It’s bad enough that General Motors has announced the investment of millions of dollars in plants in Michigan just weeks before the Lordstown assembly complex is to be padlocked.
But the pictures of GM CEO Mary Barra with a (you-know-what) grin posing with autoworkers in Lansing and Romulus is salt in the Valley’s wounds caused by GM’s decision to discontinue the Lordstown-built Chevrolet Cruze.
Because the company has not assigned another product to replace the Cruze, once a top-selling vehicle in the giant automaker’s fleet, the 52-year-old plant will be mothballed.
It’s noteworthy that Barra has avoided the Mahoning Valley like the plague since she announced in November that the Lordstown plant will be idled. Three other plants in the U.S. and one in Canada are also to be darkened.
By contrast, the CEO was eager to share in the joy of workers at Lansing’s Delta Township Assembly plant and the Romolus Propulsion plant.
According to the Detroit News, GM plans to invest $36 million at its Lansing facility to finance production of popular crossover vehicles.
GM currently builds the Chevrolet Traverse and Buick Enclave at its newest plant in the U.S. The company has said it has produced 2 million crossovers at the site since 2006.
The Detroit News noted that the carmaker is pulling unprofitable products out of production this year ahead of the 2019 contract negotiations with the United Auto Workers.
As for the Lordstown facility, Barra was quoted as saying GM is continuing to “explore options” while moving forward with plans to “unallocate” product from the plant on March 1, the News reported.
“The plants GM plans to idle this year all build sedans or small cars. The automaker has job openings around the country for all but 100 of the 2,800 factory workers at the plants that will be idled, though those jobs aren’t always nearby. Meanwhile, the autoworker began in February laying off 4,250 salaried employees,” the paper reported.
Barra told the newspaper that the layoffs are “largely completed” and the company is moving forward.
“It’s about making sure people understood why we made the difficult decisions, and are now moving forward,” the CEO said. “And that’s what everybody is committed to do.”
Given Barra’s deafening silence with regard to the future of the Lordstown plant, her comment that the company is “now moving forward” is not good news for the Valley.
Indeed, GM’s investment of $20 million at its Romulus Propulsion plant to increase its capacity for future 10-speed transmission production does not bode well for Lordstown.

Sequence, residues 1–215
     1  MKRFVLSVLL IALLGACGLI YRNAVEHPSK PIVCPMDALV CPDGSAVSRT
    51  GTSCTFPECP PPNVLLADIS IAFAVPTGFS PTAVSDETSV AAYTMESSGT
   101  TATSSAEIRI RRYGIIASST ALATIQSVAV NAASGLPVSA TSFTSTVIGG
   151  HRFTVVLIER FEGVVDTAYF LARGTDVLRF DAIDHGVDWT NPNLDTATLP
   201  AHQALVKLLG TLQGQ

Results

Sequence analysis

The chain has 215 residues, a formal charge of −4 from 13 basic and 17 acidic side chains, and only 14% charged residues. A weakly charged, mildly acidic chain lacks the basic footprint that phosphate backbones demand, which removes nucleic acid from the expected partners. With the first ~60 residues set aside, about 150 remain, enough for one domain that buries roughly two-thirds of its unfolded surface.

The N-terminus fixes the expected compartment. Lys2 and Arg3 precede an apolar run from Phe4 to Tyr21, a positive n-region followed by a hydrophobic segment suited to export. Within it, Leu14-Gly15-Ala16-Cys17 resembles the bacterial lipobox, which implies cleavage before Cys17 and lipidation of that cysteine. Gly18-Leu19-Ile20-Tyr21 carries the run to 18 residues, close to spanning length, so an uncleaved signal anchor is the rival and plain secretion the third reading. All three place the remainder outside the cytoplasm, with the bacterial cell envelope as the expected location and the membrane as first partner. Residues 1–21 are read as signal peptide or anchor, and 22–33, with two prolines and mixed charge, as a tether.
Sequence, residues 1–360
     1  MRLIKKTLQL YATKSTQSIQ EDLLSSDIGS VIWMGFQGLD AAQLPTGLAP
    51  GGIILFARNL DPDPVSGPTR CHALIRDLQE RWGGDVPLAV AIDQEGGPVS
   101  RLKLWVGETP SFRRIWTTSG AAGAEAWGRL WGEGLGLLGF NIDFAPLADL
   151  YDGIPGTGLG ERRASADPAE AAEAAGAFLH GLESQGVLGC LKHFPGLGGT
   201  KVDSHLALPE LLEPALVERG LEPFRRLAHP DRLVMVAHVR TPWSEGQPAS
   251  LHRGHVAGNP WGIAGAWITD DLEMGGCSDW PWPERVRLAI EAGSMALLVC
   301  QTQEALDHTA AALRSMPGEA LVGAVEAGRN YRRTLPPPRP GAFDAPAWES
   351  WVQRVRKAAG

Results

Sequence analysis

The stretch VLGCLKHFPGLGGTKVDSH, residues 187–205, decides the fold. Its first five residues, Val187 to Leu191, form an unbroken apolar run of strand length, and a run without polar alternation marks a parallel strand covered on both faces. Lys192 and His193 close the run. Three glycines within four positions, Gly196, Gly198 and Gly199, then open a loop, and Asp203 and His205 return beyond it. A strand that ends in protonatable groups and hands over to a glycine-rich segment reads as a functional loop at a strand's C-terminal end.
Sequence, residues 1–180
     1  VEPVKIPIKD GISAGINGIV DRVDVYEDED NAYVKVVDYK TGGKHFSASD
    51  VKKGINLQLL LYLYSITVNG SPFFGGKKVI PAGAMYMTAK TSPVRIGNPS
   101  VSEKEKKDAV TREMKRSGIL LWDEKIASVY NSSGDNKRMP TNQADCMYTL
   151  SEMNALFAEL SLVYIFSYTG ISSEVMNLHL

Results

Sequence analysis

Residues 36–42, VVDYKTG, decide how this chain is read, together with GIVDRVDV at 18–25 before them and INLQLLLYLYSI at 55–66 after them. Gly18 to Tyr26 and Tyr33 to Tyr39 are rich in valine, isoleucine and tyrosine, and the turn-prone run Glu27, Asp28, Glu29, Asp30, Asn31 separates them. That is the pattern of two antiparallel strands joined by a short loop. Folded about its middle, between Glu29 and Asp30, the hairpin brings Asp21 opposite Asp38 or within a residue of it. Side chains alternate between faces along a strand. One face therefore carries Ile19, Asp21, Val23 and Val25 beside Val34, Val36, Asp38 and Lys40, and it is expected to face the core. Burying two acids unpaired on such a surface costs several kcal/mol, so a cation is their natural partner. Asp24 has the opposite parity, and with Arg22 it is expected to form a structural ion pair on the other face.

Romulus currently builds V6 engines and 10-speed transmissions used in several GM cars, trucks and crossovers.
The announcement of the investment came on the heels of the company saying it would add 1,000 jobs for truck production at its Flint assembly facility.
In January, the automaker said it plans to spend $22 million at its Spring Hill, Tenn., plant to build new engines.
So what does Barra mean when she says the company is continuing to “explore options” with regard to its Lordstown facility, which has consistently ranked as one of GM’s top producers in terms of quality, safety and cost? Only she knows.
It’s no secret that the Cruze and before it the Chevrolet Cobalt and the Chevrolet Cavalier were among the best-selling compact cars in the country.
That’s why the decision to idle the huge complex has come as such a shock to the people of this region.
From a business standpoint, GM’s failure to assign another product is not only shortsighted, but it flies in the face of President Donald Trump’s demand to America’s Big Three automakers to shut down operations abroad and create jobs at home.
Predictably, GM’s decision to build the reengineered iconic Chevrolet Blazer SUV in a plant in Mexico has caused a firestorm in Congress and in the White House.
It would appear President Trump is under the illusion that his directive to the automakers – he threatened to punish them financially if they ignored him – has the CEOs at GM, Chrysler and Ford quaking in their boots.
Instead, they’re laughing in the face of the president of the United States.
During a recent visit to El Paso, Texas, where he demanded that Congress give him $5.7 billion to build a wall along the U.S.-Mexico border, Trump contended that his economic policies, including massive tax cuts for corporations, are bearing fruit in the form of business investments and job creation.
He specifically referred to the auto industry in touting his record in office.
“We’re most proud of the fact – you look at the car companies, they’re moving back, they’re going into Michigan, they’re going into Pennsylvania, they’re going back to Ohio, so many companies are coming back,” the president claimed.
And in comments to reporters on Feb. 6, Trump said this: “We have massive numbers of companies coming back into our country – car companies. We have seven car companies coming back in right now, and there’s going to be a lot more.”
But in fact-checking Trump’s claims, reporters found no such discernible influx of auto companies.
Since Trump took office in 2017, auto manufacturing employment has risen by about 51,000 jobs to just over 1 million, according to the Labor Department. That’s a 5 percent increase over two years.
Trump’s mention of Ohio is particularly interesting, given his awareness that GM will be idling the Lordstown plant next month. He has talked to Barra, but thus far the chief executive officer has not yielded to pressure from the president.
Thus, Trump, who plans to seek re-election next year, will have to admit to his supporters in the Valley that he sold them a bill of goods when he promised to revive the auto industry. Unless, of course, he’s able to force Barra to change her mind and assign a new product to the Lordstown plant.